Washington, White House. The United States fresh off a meeting with Russian Foreign Minister Lavrov to discuss Syria, accused Syria on Monday of executing thousands of imprisoned political opponents and burning their bodies in a crematorium to hide the evidence, with experts being quick to say this is a sign America is preparing for regime change justification in Syria..

Allegations of mass killings came as President Donald Trump weighs options in Syria, where the US launched cruise missiles on a government air base last month after accusing Assad’s military of killing scores of civilians with a sarin-like nerve agent.

Trump on Monday kicked off a week of meetings with Middle East leaders, sitting down with the crown prince of Abu Dhabi a day before he hosts Turkey’s president. Trump then flies to Saudi Arabia later in the week.

These are all governments that have pressed the United States over six years of civil war in Syria to intervene more forcefully for regime change in Syria. Trump had backed away from President Obama’s calls for regime change in the Arab country, with the new president’s officials saying leadership questions should be left to Syria’s citizens, until his intervention last month. His administration now says Assad cannot bring long-term stability to Syria and that he must go, was the takeaway from the recent Lavrov visit.

The State Department said it believes about 50 detainees each day are being hanged at Saydnaya military prison, about 45 minutes north of Damascus. Many of the bodies are then burned in a “crematorium to cover up the extent of mass murders taking place,” said Stuart Jones, the top US diplomat for the Middle East, Jones is a neocon holdover Obama era State Department employee who has strongly advocated for Assad’s removal for years.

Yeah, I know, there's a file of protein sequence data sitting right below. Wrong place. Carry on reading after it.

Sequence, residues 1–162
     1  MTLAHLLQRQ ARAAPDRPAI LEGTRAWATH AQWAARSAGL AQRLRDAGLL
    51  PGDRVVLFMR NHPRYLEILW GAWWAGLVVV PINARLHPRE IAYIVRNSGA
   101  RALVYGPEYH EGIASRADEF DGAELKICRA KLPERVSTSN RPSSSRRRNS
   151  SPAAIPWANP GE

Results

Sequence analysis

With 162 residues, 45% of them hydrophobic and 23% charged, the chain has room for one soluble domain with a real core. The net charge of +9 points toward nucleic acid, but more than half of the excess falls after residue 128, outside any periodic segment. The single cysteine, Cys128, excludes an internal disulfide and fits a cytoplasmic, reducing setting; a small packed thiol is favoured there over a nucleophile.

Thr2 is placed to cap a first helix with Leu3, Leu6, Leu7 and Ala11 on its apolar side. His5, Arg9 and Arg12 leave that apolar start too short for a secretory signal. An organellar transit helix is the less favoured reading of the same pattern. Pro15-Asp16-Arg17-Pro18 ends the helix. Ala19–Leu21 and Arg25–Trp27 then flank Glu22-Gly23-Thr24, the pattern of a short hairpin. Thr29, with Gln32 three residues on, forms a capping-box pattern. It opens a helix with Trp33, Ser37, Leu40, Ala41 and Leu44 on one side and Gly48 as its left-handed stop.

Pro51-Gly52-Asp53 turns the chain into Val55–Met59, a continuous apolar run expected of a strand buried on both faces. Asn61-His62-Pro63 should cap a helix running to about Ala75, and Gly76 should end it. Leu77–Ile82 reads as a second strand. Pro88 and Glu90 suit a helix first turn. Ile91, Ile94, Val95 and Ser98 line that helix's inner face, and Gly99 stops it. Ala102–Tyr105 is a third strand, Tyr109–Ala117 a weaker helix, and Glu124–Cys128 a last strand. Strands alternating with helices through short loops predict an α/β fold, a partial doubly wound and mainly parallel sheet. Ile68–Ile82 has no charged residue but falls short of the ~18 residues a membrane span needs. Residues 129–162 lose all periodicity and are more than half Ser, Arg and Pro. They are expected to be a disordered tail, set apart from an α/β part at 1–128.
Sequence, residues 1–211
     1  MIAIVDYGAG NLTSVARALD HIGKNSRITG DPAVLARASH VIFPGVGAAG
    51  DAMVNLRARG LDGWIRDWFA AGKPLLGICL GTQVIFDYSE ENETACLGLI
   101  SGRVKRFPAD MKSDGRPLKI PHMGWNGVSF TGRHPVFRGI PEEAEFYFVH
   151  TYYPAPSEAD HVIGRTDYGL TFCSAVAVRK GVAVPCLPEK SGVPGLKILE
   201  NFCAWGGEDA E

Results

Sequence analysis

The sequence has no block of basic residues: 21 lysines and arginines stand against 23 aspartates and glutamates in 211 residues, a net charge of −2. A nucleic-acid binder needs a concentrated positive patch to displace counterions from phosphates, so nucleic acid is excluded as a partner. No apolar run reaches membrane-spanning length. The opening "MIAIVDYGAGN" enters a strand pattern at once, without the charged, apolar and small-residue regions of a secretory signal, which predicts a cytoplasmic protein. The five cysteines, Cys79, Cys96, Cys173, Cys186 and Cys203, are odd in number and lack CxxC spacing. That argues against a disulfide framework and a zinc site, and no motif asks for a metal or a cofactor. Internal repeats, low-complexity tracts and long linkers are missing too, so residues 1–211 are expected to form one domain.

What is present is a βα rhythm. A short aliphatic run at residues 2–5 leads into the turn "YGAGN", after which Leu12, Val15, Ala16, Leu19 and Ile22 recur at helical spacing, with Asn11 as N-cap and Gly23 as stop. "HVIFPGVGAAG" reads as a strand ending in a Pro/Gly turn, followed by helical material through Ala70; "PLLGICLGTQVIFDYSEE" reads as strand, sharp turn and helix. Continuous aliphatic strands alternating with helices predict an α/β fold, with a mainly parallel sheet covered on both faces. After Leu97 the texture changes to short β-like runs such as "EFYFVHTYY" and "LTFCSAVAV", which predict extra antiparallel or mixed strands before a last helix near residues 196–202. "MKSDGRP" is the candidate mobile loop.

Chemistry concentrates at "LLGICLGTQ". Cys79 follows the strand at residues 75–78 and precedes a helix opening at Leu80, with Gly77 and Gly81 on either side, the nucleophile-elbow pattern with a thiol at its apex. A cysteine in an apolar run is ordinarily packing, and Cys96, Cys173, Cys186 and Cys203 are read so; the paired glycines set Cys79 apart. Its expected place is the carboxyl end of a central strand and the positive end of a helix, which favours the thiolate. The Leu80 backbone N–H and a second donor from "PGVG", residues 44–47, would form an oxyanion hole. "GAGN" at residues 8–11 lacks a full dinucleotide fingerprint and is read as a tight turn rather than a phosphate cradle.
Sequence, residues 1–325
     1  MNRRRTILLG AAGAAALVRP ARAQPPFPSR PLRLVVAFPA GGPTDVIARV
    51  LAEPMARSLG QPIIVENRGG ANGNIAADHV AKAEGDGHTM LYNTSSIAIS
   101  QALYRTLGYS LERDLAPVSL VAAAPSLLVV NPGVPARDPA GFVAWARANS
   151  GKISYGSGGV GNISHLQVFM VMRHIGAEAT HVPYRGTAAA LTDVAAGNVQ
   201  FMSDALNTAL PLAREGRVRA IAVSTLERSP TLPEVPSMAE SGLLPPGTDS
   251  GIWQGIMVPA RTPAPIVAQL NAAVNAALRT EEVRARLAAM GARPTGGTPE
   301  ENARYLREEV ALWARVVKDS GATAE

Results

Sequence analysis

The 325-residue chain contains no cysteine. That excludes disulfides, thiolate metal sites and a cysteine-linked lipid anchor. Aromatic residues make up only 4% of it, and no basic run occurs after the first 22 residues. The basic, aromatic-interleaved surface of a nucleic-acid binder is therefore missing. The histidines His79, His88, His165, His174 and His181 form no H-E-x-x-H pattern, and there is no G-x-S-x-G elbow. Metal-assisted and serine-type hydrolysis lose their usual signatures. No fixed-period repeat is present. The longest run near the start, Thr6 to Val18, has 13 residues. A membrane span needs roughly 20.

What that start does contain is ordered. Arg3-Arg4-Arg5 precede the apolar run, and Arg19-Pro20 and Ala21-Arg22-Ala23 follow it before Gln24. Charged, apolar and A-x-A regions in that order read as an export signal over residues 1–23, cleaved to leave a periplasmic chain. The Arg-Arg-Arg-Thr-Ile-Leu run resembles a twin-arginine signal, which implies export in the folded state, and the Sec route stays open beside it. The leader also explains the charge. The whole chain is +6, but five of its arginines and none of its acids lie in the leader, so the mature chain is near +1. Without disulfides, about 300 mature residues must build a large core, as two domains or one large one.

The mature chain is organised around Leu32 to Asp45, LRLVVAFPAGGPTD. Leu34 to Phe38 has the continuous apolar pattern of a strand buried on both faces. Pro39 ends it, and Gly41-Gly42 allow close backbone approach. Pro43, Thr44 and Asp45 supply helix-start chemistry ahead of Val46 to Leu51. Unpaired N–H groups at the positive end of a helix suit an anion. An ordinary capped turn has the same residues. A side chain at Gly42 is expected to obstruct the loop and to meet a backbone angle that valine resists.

America’s State Department has released commercial satellite photographs showing what it describes as a building in a prison complex that was modified to support the crematorium. The photographs, taken over the course of several years, beginning in 2013, “do not prove the building is a crematorium, but show construction consistent with such use.” Which is a nice way of saying, “We don’t know what is there, but we sure as hell hope it’s a crematorium.”

The whole situiation reminds many of another big mistake. The Al-Shifa pharmaceutical factory in Sudan. The industrial complex was composed of four buildings. It was the largest pharmaceutical factory in Khartoum and employed over 300 workers, producing medicine both for human and veterinary use.

The factory was destroyed in 1998 by a missile attack launched by the United States government, killing one employee and wounding eleven. The US government alleged that the factory was used for the processing of VX nerve agent and that the owners of the plant had ties to the terrorist group Al-Qaeda.

In fact the factory made baby formula and aspirin. Americans using words like “probable” or “consistent with use as” need to be more certain, before sending American children in for a regime change talked about for years and now being sold as another “Syrian Holocaust” as justification for possibly starting a world war.

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